Wildlife managers say American hunters are about to experience one of the greatest seasons of recent times, because of bumper crops of waterfowl and upland birds.

They also say the major reason for that production – the Conservation Reserve Program – may be just weeks away from a serious cut.

That’s because Chuck Connor, acting secretary of the U.S. Department of Agriculture, has said his agency is seriously considering allowing farmers to take early exits from CRP contracts. The move is being contemplated as a way of calming growing concerns among ranchers that the drive for more corn-based ethanol production may push feed prices too high.

Does the nation value wildlife and environmental protection more than ethanol and meat producers?

By now most wildlife enthusiasts are familiar with the issue. Incorporated into the farm bill more than 20 years ago, CRP pays farmers not to cultivate highly erodable acres. By 2000, more than 30 million acres had been enrolled at an annual cost of about $1.6 billion.

That price is one of the great bargains in American government. By all accounts, CRP has been the single most successful conservation program in the nation’s history as well as becoming a reliable source of income for farmers.

Everyone in conservation loved CRP, but some in that community pointed out its weakness: Everything was tied to commodity prices. CRP was not a stand-alone environmental bill, but a part of a larger farm bill whose major aim was helping crop and livestock producers. If the value of an acre of corn, wheat or hay exceeded the value of CRP payments, landowners would desert the program, and politicians would not stand in their way.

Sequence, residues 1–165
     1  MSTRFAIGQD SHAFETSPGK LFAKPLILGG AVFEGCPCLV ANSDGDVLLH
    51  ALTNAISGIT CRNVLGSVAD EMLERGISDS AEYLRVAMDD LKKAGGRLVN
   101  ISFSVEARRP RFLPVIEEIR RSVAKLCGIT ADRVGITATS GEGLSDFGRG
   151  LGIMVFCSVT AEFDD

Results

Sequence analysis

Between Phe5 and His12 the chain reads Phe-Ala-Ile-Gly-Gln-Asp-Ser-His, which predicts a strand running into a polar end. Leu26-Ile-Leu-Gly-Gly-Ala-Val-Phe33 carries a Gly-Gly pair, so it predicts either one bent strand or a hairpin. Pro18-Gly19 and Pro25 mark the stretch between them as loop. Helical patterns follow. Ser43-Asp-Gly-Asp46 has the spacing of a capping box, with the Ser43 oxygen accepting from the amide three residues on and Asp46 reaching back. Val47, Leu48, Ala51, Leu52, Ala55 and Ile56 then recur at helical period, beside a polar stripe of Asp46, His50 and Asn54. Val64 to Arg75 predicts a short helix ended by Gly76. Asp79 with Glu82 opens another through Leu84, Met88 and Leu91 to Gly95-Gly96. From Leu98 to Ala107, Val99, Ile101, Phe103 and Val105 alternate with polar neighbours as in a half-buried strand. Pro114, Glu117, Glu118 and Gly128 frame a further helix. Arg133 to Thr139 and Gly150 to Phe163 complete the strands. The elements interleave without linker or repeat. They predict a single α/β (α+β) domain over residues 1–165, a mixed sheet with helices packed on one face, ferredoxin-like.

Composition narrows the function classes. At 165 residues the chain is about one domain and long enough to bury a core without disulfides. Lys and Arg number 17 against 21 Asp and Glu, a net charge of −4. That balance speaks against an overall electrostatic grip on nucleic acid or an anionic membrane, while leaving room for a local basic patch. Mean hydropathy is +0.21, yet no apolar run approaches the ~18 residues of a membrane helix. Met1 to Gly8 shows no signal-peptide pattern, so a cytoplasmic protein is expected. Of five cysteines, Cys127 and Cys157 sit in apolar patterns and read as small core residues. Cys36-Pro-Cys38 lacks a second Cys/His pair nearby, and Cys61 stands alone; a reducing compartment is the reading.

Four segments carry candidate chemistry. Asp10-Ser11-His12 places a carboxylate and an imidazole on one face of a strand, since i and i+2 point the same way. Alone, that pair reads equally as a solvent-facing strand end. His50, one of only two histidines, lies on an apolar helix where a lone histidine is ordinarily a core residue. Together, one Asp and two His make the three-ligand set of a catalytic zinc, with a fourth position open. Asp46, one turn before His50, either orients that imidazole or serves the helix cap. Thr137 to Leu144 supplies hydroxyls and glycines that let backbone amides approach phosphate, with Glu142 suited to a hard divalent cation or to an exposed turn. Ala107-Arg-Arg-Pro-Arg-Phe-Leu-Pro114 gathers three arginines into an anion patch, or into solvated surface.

That nightmare scenario began coming into focus last year.

It started when President Bush announced the goal of having 15 percent of domestic gasoline consumption converted to ethanol in 10 years. But this “green” move would have brown consequences for wildlife. By the end of the year, corn prices had gone from $2 to $4 a bushel, and by this spring, the nation had planted 90 million acres in corn – the most since World War II.

By mid-summer, wildlife advocates thought they had been successful in beating back attempts by the ethanol lobby to cut CRP, when a new threat emerged. Livestock producers, now competing with ethanol for feed corn, began pressing USDA to release millions of acres from CRP to keep their profits from dropping because of rising feed costs.

Now, wildlife and sportsmen find themselves caught in the political crossfire.

On one side are budget hawks, who want to reduce spending, and livestock producers that want more corn. On the other side are those in the farming community who fear corn prices, already leveling off, could fall more if the USDA releases millions of CRP acres.

Keith Bolin, president of the American Corn Growers Association, became a hero among conservationists recently by coming out against CRP releases. He pointed to a University of Tennessee study that showed CRP payments are less than the total subsidies farmers could qualify for if lands were put back into production. He also pointed out that most CRP land would do little to increase corn production as these, the highly erodable soils, are unsuitable for water-hungry corn.

Conner has said he’ll make a decision in the next few weeks, about the time hunters take the field to reap the record bounty produced in large measure by 30 million acres of CRP.

By then we’ll know, again, how wildlife and environmental protection stack up.


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